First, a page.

George the Hedgehog Review [SXSW 2011]
This bizarre adult animated film out of Poland premiered at Austin’s SXSW Film Festival last week. George the Hedgehog (Jez Jerzy) sported some really messy, almost childish, animation while dealing with a libido-driven, skateboarding hedgehog and his flatulent clone.
Ok, after that set up you’re probably wondering what the hell kind of film this is. It’s like a cartoon for pervs, but with some great humor and satire. There are tons of skimpily clad women with humongous boobs and a hedgehog they can’t get enough of. George is a sexual dynamo, and he’s never had a problem getting women. Maybe that’s because he’s the only orgasm-inducing hedgehog around, or maybe because he’s really cool and strangely resilient to all attempts to destroy him. He turns out a sort of anti-hero, always saving people without even meaning too.
George is living the good life. He’s got a married mistress, he rides his skateboard round and parties hard at night. His life takes a turn for the worse when a mad scientist decides to clone him. The problem is, the scientist is determined to kill the original George, and make his clone into a world-famous superstar that he can control and make millions off of. The fact that George’s clone is a retarded, uglier version of him that can’t stop humping everything (electric sockets, people’s legs, George’s girlfriend, the wall) doesn’t stop the world from embracing it, and before long he is a huge celebrity.
Meanwhile, the scientist’s thugs are still after George, who gets hurt and then is taken in by a cross-dressing prostitute. He/she nurses George back to health, and he decides to take on his clone, the scientists and the thugs all by himself.
Some scenes popped up that made me think maybe I was dismissing the film too quickly. I saw a few flashes of rather mature satire, and an homage or two to genre films. There’s one scene worth mentioning where George’s clone runs into a sex shop. He goes crazy (no doubt sensory overload) and humps the electrical box on the wall, thus sending the store up in a blaze. The heat fills the blow-up dolls and they begin floating up into the city sky, an army of inflatable sex toys flying through the air. The great part of this scene is the ominous Hitchcockian music that plays, the people on the street cringing in terror as the shadows reach over them, the darkened silhouettes moving slowly by overhead, and the random doll running into a church’s rooftop cross and popping.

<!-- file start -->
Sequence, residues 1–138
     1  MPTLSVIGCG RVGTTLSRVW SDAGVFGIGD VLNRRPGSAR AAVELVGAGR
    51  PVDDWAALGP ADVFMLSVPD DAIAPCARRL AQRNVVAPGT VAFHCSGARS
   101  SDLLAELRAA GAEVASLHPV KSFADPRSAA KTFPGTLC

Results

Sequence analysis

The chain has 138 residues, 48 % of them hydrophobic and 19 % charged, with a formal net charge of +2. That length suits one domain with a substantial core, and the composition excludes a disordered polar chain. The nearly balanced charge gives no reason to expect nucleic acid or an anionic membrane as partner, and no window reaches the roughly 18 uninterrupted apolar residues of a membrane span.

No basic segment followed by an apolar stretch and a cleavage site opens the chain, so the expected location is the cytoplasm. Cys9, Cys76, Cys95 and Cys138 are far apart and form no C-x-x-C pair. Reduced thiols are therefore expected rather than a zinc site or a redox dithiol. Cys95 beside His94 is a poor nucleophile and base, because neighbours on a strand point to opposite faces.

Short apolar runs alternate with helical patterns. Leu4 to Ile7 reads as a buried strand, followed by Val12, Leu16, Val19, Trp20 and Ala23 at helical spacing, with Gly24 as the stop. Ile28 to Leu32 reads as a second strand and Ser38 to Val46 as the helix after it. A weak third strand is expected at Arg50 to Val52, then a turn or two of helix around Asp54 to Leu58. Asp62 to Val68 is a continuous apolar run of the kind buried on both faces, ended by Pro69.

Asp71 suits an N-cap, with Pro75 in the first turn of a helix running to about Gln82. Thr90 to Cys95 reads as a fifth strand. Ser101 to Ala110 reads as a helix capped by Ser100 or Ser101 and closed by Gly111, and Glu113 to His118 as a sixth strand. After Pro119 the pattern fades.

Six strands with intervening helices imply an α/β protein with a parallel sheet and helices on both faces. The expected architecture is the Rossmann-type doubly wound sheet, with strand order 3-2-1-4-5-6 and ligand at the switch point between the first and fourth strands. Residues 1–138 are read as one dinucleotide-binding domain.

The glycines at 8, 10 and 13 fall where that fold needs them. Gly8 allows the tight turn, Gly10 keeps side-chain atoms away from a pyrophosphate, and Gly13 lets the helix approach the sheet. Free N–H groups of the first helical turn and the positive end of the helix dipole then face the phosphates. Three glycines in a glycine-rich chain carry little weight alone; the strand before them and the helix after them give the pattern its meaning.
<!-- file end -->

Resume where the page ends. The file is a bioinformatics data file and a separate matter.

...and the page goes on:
George’s character is funny and pulls some laughs, but mostly of the ‘I can’t believe he just did that’ kind. The juxtaposition between what George is doing and what he looks like is interesting. He’s drawn rather cutsie, like a stuffed animal or something. Then he goes around acting like a chauvinistic, beer-drinking punk. There are plenty of moments like that in the film, where the animation tends toward an almost childish cuteness, while the characters are participating in some vulgar (to say the least) behavior.
Audiences are treated to some character development, though the plot is so simple as to be almost superfluous; simply a vehicle for the dark humor, animation techniques and satire. George does come to some realizations about his life, and has a moment where he “grows up” and decides to take charge of things. His clone doesn’t fare as well, and that character is like a hedonistic representation of the id in all of us. What happens to the clone in the end is almost a comment on clean living.
I guess what I took away from this movie, besides relief that it was over, was a little grudging respect for director Wojciech Wawszczyk and writer Rafal Skarzycki for making a feature-length dirty cartoon about a womanizing hedgehog that was bizarre enough to be entertaining. The foul-language, clumsy/messy animation and gross violence makes George the Hedgehog feel like a satirical black comedy cartoon (think Ren & Stimpy) drawn by a 13-year-old with ADD. There’s also some jibes at politicians, the ethics of cloning, celebrity worship, and some not-so-subtle satire on pop culture. That being said, it’s not a film that will leave you thinking any deep thoughts.
The amateurish animation and excessive vulgarity is a turn off, and the light-weight plot/storyline doesn't help matters either.